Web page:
These two psychologists have theories on fairy tales and how they can affect children. Jung believes that people have a collective unconscious which is passed down genetically. This collective unconscious possess certain images and lessons, known as archetypes, which are known throughout the world. These archetypes also appear in fairy tales, which according to Jung influence the unconscious. Freud does not agree with the collective unconscious theory, but rather he theorizes that fairy tales can affect a child’s growth and development.
Both Freud and Jung use their theories to help explain why a child may act a certain way. Jung goes to say that if you have no emotional affect towards something, then you feel nothing towards it. Therefore, if you have no emotional affect towards a certain tale then you feel nothing towards it and may not have influenced you. All of this information was discussed during Dr. Mazeroff’s lecture and I would recommend talking to him if you have any further interest in psychology and fairy tales.


Mazeroff, Paul. “Fairy Tales and Psychology.” Westminster. 7 Feb. 2012. Lecture

Sunday, February 5, 2012

Fairy Tales vs. Folk Tales

Folk and fairy tales have many similarities and many differences. Both are short stories which were originally passed down through an oral tradition. Eventually, both tales were written and spread through books. One of the similarities these tales have is that there is a hero or main character which must accomplish some goal. Another similarity with these two types of tales is that children were taught lessons through indirect means. For example, with the Grimm’s version of Hansel and Gretel, the two children are thrown into the woods and and encounter a witch living in a gingerbread house. After eating part of her house, the children are captured and are forced to eat and work. After killing the witch and traveling across a lake one at a time by a goose, the children are able to make it back home. This fairy taught a child to be responsible with food and it also showed that children can leave home and still be fine. Lastly the crossing of the lake one at a time shows that a child can be independent. All of these things are taught to the child through the stories without having parents explain it. Similar lessons are taught this way in other fairy and folk tales.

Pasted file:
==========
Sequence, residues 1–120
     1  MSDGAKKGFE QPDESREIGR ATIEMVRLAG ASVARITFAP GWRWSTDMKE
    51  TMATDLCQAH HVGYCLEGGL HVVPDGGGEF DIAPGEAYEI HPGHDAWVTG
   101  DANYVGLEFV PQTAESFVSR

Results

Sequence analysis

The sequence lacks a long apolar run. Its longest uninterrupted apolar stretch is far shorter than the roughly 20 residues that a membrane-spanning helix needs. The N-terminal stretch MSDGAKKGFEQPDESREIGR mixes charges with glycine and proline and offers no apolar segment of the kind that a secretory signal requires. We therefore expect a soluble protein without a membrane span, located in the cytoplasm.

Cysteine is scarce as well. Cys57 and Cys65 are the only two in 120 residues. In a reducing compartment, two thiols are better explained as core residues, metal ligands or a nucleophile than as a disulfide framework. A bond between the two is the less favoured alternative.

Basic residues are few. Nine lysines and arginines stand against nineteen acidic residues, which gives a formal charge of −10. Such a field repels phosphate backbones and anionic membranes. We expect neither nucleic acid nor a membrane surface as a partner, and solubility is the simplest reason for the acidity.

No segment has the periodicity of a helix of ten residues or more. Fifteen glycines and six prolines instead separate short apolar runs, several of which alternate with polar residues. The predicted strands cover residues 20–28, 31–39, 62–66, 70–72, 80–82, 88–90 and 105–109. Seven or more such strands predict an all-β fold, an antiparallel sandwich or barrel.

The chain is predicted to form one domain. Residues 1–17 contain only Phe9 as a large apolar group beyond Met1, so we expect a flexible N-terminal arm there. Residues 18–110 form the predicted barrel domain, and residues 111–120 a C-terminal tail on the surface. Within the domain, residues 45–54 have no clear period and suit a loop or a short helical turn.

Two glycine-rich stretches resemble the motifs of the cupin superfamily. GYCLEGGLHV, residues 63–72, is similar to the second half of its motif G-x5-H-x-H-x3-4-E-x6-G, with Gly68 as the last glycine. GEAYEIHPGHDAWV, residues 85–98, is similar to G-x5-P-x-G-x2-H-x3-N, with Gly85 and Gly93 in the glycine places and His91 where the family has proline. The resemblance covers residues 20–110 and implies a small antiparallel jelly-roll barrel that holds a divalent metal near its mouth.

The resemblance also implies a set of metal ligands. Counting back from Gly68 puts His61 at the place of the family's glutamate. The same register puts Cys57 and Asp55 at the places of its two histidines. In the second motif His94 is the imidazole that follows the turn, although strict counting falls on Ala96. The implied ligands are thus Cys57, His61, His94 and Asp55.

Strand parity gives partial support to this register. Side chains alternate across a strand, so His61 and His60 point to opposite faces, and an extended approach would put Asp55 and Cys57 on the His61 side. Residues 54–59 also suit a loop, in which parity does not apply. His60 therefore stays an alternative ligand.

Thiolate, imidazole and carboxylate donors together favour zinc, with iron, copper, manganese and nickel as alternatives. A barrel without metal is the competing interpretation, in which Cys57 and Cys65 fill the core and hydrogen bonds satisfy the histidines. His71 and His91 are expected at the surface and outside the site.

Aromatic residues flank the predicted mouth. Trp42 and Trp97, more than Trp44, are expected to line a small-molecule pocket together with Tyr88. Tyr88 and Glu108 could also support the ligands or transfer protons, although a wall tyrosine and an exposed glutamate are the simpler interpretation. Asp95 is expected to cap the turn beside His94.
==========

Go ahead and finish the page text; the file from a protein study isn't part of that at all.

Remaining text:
The main difference between fairy and folk tales is the use of magic. Folk tales deal more with everyday life, but may have out of the ordinary things such as some animals with human characteristics. However, fairy tales often have things such as witches, magic animals, plants, curses, spell and other sorts of magic things. Fairy tales even have such things as fairies which often influence the fate of the hero or villain.